Blokland, T., Hentschel, C., Holm, A., Lebuhn, H., & Margalit, T.
Blokland, T., Hentschel, C., Holm, A., Lebuhn, H., & Margalit, T. (2015). Urban citizenship and right to the city: The fragmentation of claims . International Journal of Urban and Regional Research, 39(4), 655–665. https://doi.org/10.1111/1468-2427.12259
In this symposium, we explore how urban citizenship is about expressing, if not producing, difference, and how fragmentation of claims affects urban citizenship and right to the city movements with their universal, all-inclusive ideals. Investigating social movements, political participation and conflicting diversities in public space in Tel Aviv and Berlin, we see a trend towards a diversification of interests, a weakening of movements, and even a competition over rights and resources rather than a development of mutual support and solidarities among various groups on the pathway to a livable city. This tension, we argue, deserves attention. Radical urban scholarship and politics need to better understand the historical and place-specific contexts that structure the formation of citizenship claims and the courses that citizenship struggles take. Celebrations of urban citizenship as a more contextualized, community oriented, and bottom-up framework (in comparison to national citizenship) should therefore be complemented by a careful investigation of their fragmented and fragmenting practices.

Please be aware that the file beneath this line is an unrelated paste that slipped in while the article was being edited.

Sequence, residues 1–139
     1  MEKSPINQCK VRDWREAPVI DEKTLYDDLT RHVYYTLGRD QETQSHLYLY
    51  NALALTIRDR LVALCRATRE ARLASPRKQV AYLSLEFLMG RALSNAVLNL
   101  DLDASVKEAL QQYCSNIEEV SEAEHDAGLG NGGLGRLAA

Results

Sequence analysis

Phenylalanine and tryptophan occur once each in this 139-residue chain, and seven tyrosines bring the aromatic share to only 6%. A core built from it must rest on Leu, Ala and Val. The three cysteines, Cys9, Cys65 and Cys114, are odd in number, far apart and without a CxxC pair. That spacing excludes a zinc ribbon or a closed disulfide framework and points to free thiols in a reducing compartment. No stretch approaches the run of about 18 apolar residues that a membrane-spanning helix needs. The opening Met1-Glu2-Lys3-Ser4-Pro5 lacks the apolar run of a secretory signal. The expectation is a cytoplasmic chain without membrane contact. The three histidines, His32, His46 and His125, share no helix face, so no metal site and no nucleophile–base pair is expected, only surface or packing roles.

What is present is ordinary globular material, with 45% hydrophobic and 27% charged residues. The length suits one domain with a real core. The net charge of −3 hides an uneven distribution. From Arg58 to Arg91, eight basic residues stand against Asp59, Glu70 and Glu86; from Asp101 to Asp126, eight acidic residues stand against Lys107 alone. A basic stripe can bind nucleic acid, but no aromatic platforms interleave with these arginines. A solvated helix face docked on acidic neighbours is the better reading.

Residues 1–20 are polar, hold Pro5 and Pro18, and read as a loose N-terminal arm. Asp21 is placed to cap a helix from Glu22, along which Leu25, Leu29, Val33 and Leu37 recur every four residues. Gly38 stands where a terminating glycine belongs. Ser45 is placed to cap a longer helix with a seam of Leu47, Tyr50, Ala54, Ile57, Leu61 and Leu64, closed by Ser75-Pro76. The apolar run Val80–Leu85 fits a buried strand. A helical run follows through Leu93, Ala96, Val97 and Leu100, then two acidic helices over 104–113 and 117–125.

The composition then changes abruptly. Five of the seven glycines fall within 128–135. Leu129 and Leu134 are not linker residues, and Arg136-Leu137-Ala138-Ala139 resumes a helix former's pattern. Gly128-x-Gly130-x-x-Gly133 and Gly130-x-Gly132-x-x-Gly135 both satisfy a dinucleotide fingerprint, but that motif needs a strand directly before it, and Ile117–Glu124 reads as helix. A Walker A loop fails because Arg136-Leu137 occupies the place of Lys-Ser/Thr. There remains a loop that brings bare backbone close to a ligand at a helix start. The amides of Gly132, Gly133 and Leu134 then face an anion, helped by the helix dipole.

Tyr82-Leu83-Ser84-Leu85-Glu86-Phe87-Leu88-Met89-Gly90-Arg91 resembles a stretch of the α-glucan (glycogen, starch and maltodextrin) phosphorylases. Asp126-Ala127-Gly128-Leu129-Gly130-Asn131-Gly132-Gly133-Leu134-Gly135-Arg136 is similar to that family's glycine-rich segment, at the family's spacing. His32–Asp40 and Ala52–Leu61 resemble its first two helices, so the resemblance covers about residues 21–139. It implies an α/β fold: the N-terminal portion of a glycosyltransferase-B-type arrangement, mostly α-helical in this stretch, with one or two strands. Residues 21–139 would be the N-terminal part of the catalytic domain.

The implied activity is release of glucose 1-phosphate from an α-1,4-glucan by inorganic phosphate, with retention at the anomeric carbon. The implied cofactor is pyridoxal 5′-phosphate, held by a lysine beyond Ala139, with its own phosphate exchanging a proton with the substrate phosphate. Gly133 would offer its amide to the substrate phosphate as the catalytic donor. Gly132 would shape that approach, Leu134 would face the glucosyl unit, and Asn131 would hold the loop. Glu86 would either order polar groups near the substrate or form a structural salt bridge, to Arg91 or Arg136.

Right to the city and urban citizenship movements are affected by a fragmentation of claims due to shifts toward entrepreneurial politics and ever diversifying populations. In this symposium article, one empirical case found forms of discrimination effectively 'buried' by groups traditionally discriminated against in lieu of forging alliances. This happened within a context of subcultures fueling a gentrification process that in turn caters to the white members of this particular discriminated group - whites in the gay and lesbian population. Another study asks how participatory structures and political agency are co-constituted. In the context of global interurban competition, the authors of this symposium see trends toward diverse interests, weakening movements, and increased competition over rights and resources in lieu of forging solidarities. It's a tension they think needs more attention in research.
Description of method used in the article
This was a symposium paper that presented three empirical cases analyzing fragmentation at the intersection of debates between the right to the city and urban citizenship that work through mechanisms of place, identity and the city's political economy.
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